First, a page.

Suffolk resident Quentin Robinson wrote a few days ago to describe his adventures with model ship and ship in a bottle making, together with this gallery of photos. Thanks Quentin! Here’s what he had to say:
‘I was at a loose end. It was a Sunday and there was a boot fair on, so I headed down to try to seek out that elusive bargain that I could take on the Antiques Road show and ask “how much?”
‘It’ll never happen, but I found a book titled Ten Simple Sailing Models, which seemed a snip at 50p.
‘I started to have a go, and the schoolboy in me came alive. But I didn’t think ahead, for the trouble with taking on this new hobby was that I live in a very modest house, and I was going to run out of space very quickly. Having invested in tools, materials etc etc etc.I would either have to give up or find another way. So I dwelled on the problem…
‘Then it came to me. Ships in bottles! I vaguely remembered seeing somebody making ships in bottles on the telly, so thanks to the power of the internet I went into a research and development phase. All I needed were few more tools, and a few bottles…
‘First your have to find your bottle and then empty the contents… and after 18 years as a deckhand on tramp steamers I had no problem with that part.
‘Then you plan the ship – the only rule is it has to fit through the neck of the bottle. As this was my first attempt I kept it simple.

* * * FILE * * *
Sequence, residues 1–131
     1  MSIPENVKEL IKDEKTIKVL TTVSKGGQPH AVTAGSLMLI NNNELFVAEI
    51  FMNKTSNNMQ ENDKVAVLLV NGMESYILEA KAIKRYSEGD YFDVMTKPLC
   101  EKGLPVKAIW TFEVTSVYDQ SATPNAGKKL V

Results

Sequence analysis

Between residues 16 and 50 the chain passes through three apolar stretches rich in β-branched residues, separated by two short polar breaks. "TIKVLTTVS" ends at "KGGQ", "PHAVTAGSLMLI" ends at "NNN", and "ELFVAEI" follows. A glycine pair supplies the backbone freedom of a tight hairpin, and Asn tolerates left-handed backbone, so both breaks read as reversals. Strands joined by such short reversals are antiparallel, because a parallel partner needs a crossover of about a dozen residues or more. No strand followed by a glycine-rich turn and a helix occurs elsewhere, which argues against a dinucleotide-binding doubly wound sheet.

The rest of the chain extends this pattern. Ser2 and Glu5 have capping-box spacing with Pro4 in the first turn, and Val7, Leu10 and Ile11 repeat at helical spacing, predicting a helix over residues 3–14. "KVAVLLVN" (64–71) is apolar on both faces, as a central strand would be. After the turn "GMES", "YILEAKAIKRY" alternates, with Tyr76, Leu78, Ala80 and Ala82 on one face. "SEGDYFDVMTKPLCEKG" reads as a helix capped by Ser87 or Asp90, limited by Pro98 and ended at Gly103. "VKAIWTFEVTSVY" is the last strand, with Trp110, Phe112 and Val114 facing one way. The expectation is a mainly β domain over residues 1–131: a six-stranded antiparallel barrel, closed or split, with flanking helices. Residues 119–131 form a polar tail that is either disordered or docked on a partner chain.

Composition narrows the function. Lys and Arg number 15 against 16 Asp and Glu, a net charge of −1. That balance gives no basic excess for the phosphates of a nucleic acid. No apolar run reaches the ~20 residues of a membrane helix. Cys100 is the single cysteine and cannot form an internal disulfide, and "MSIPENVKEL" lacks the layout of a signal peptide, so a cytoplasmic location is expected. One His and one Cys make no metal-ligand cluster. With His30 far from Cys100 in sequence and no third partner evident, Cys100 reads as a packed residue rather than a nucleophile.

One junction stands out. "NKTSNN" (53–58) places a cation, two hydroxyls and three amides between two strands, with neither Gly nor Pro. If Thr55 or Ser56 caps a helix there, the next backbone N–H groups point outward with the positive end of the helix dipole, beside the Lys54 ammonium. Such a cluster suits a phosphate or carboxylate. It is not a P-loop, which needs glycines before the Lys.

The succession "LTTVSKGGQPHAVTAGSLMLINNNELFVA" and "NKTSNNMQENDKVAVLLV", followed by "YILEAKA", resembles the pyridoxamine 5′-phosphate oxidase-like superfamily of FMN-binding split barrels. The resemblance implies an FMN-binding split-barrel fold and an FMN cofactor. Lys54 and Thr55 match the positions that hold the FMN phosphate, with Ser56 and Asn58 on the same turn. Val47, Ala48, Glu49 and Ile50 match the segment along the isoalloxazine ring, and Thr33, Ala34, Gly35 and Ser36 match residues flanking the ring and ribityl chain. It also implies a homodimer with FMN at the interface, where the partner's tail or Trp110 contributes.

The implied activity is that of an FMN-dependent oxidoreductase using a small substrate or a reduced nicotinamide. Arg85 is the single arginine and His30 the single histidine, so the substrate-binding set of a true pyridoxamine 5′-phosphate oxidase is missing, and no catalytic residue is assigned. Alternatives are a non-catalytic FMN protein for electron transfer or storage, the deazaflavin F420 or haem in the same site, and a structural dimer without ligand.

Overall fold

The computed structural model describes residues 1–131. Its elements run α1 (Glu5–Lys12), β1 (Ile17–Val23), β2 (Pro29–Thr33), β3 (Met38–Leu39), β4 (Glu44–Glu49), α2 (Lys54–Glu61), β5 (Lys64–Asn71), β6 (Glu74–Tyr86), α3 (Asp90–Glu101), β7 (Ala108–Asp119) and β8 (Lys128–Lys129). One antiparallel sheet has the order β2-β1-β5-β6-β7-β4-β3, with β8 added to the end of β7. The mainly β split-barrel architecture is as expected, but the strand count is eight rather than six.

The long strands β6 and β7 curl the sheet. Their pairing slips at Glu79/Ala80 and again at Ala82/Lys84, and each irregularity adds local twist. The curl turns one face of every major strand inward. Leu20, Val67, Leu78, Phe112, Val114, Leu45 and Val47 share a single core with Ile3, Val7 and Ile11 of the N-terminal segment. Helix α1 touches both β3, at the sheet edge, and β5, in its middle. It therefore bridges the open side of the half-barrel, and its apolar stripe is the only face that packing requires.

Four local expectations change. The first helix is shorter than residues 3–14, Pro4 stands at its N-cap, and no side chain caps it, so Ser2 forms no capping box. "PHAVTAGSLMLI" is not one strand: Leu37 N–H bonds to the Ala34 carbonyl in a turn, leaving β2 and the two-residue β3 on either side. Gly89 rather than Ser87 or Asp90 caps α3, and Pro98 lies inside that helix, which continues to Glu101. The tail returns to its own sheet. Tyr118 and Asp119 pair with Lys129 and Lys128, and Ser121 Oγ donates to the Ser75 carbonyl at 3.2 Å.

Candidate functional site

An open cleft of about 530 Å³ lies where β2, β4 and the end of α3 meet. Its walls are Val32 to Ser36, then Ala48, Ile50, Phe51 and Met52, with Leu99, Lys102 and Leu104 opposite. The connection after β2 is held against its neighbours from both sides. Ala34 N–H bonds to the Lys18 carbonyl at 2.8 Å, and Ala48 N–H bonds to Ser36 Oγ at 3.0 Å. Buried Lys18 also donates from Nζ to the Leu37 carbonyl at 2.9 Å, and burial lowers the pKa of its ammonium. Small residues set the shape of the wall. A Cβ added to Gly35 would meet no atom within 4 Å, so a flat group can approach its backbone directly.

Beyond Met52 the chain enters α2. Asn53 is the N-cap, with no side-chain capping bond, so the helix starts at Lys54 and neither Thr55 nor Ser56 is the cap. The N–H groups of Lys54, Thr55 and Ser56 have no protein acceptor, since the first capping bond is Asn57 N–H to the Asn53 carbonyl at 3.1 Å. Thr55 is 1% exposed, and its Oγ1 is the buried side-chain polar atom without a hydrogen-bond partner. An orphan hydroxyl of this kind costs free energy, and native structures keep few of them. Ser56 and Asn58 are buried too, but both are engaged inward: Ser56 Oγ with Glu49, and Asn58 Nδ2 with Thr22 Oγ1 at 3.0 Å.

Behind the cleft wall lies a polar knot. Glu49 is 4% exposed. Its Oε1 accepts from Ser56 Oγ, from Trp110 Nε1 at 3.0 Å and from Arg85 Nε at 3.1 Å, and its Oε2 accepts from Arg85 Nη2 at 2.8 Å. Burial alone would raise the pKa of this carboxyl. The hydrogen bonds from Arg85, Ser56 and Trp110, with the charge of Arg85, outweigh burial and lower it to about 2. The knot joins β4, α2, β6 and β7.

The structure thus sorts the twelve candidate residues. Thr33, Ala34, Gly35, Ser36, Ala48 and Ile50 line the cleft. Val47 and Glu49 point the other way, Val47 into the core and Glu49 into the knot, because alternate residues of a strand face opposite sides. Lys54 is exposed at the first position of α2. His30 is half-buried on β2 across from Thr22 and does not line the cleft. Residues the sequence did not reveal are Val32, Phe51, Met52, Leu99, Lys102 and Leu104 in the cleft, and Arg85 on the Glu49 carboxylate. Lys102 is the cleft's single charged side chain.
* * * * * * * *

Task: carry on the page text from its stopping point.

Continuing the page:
‘I firstly painted the inside of the bottle and then considered what would go in with the ship – it’s not enough to just pop the ship in – so I built a lighthouse and some rocks with a wreck aground, and a wreck buoy.
‘Next I worked on the ship. It takes a lot of patience, but fortunately with my seafaring background the rigging came easy. I currently have three ships in various stages of rigging – the one with the black sail will be “bottled” tomorrow, followed by the green-hulled vessel the day after, and the one under the masking tape will follow.
‘I then considered where they were to be presented. I came across the idea of wall mounted models. I had lots of wall spacebut very little shelve space. I did name the first two ships in bottles that I built, but then there was a change in my life which I shall now explain…
‘While all this ship building activity was going on, I started to go blind. I had no idea it was going to happen. Please don’t feel the need to say sorry, it’s a bit boring hearing this after the first few hundred times.
‘Things started to disappear from my life, forever. And I found myself unemployed. Every interview I attended would turn me away and refuse to employ me on the grounds of health and safety. So what next?
‘Again I pondered on this. Well there’s no point in getting down about these things, so I went into mass production of ships in bottles with a view to selling them via the Internet, craft fairs, boat shows and regattas.
‘I use a rope mat instead of a wooden plaque, and don’t give the ship a name plaque – the idea is, that you, the customer, gets to name the ship. And after all, as the new owner you are in charge of your ship.
‘Also, I think it makes a refreshing change from all those models that are labelled ‘Cutty Sark‘, when most of them don’t look anything like the famous clipper.
‘So in time I will start to travel to various venues and will pop up in all the best places. If you see me come and have a chat. You don’t have to buy anything and you may even win a prize for completing the tongue twister I’ve written!
‘What’s next? As a bit of a special project, I quite fancy making a model of the SB Victor out of Ipswich.’
If you’d like to contact Quentin – perhaps to invite him to show his ships in bottles or to commission an item – email him at quentinrobinson62